AHF Session Focuses on Sustainability

Many foodservice operators would like to think that becoming more sustainable is as simple as buying local or organic produce. During a general session at the Association for Healthcare Foodservice (AHF) Convention in Phoenix, Janine Oberstadt, founder and principal of sustainability consulting firm foodprint, challenged this line of thought and encouraged the healthcare foodservice professionals in attendance to broaden their perspective.

Oberstadt's message was clear: Sustainability is more than buying locally grown or organic food. It is about long-term benefit of the planet, the company and its suppliers. "The goal is to consider all of the legs of the stool equally," she said.

"The biggest part of the cost is actually in the operator's hands in the form of energy and water usage," Oberstadt said. "So if you have not had an energy or water audit done on your foodservice operation in a while, I suggest getting one."

Still, many foodservice operators, including those in the healthcare segment, are looking to source more of their ingredients locally. When doing so, though, it is important to be aware of some of the ways this approach can impact the way a foodservice operation functions. "You may have to change your menu procedures. For example, you may not be able to serve strawberries 12 months a year," Oberstadt said.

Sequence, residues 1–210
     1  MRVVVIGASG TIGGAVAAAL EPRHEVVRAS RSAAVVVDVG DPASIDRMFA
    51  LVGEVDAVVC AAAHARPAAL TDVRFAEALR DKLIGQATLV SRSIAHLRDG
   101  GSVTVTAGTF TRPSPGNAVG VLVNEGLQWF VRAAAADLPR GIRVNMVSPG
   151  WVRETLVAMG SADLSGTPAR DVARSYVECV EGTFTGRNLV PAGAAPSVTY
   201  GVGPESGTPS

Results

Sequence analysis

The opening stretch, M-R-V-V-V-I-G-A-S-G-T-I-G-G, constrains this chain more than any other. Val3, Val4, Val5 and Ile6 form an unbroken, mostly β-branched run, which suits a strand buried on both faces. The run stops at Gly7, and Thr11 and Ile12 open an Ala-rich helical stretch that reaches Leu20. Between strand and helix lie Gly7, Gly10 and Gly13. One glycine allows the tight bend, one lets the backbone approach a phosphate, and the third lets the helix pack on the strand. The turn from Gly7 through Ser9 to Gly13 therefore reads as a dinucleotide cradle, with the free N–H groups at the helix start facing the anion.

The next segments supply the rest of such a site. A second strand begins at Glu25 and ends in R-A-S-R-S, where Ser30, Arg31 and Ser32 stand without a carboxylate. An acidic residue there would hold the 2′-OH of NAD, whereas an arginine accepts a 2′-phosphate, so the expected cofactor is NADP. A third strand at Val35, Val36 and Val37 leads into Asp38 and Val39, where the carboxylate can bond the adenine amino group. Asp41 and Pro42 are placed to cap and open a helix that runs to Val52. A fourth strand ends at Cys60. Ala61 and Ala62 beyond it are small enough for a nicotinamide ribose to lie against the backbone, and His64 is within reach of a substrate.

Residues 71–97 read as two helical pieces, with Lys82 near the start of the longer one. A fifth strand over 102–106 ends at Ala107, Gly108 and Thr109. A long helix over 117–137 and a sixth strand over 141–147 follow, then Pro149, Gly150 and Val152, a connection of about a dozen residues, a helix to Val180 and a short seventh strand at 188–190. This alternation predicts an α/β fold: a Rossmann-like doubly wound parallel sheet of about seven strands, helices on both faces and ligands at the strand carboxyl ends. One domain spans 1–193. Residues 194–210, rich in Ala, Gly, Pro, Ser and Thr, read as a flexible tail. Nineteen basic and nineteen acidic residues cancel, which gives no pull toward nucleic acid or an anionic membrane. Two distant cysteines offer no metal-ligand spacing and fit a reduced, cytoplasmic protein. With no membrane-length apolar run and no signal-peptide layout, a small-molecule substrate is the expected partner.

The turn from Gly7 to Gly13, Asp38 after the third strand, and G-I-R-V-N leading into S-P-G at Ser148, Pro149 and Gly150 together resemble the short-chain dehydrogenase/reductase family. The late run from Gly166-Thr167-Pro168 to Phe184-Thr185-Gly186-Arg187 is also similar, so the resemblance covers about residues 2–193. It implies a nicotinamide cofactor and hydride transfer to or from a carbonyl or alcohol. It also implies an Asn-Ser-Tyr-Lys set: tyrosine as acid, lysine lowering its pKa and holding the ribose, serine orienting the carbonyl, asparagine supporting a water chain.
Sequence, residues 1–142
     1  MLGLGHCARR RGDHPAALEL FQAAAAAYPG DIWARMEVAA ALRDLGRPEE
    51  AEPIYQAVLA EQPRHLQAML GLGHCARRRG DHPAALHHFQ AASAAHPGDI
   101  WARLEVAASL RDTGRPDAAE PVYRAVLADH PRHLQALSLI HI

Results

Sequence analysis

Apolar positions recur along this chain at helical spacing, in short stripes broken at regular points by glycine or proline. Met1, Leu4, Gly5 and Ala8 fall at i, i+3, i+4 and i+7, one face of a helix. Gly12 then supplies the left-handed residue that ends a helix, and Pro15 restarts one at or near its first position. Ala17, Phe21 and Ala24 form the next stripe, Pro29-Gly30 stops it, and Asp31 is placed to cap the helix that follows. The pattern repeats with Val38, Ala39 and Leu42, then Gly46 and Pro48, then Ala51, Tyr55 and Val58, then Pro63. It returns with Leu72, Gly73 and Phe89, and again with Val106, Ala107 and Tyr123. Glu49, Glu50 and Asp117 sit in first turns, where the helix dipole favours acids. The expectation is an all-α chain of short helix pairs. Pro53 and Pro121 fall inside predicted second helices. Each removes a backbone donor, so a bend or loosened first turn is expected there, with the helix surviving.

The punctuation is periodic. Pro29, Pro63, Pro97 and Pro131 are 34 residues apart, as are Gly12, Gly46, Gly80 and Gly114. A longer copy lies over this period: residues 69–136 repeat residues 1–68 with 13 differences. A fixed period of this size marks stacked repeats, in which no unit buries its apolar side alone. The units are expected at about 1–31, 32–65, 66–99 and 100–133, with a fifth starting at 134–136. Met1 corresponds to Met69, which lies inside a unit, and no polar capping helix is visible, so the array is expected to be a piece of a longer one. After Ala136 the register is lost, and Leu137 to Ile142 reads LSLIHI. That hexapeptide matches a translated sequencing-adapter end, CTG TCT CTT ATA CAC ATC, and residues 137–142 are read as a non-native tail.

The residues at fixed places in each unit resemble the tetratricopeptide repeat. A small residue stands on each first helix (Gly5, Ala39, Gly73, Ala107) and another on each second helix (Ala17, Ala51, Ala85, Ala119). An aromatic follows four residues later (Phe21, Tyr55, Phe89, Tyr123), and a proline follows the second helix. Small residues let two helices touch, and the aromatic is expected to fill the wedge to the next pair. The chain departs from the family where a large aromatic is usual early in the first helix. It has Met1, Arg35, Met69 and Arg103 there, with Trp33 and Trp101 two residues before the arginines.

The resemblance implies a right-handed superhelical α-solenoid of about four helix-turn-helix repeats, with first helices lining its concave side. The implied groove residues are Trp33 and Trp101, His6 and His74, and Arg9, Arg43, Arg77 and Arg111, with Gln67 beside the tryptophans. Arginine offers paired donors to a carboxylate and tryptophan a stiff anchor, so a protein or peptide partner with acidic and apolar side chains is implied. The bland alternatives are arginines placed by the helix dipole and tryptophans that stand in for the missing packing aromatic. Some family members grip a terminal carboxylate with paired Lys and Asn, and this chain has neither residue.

And sourcing product locally can impact the way a foodservice operation deploys labor. "It has become more vegetable prep-intensive among the operators I have talked to," said Oberstadt. She later added that some operators require more refrigeration when buying locally or more sustainable produce.

Food safety is another key concern among operators when buying locally. Oberstadt pointed to research her firm conducted with many foodservice operators that showed purchasing locally grown produce did not pose a food safety risk that was any greater than when taking delivery from other suppliers. Still, operators should remain vigilant when it comes to ensuring their ingredients are safe.

"In the past, we relied on our suppliers to do the due diligence for us. We just ordered the product from a catalog or their website," Oberstadt said. "We just don't give a lot of thought as to whether that product arriving at our back door is tainted. Now, we have to do that due diligence ourselves. This is not just business as usual. We are pioneering."

And it seems as if the pioneering nature of sustainability is here to stay. "You never figure it out. As soon as you do, there comes along another trend to address," Oberstadt said. "When you know better you do better. Don't think of sustainability as a destination as there is always work to do. But baby steps do count."

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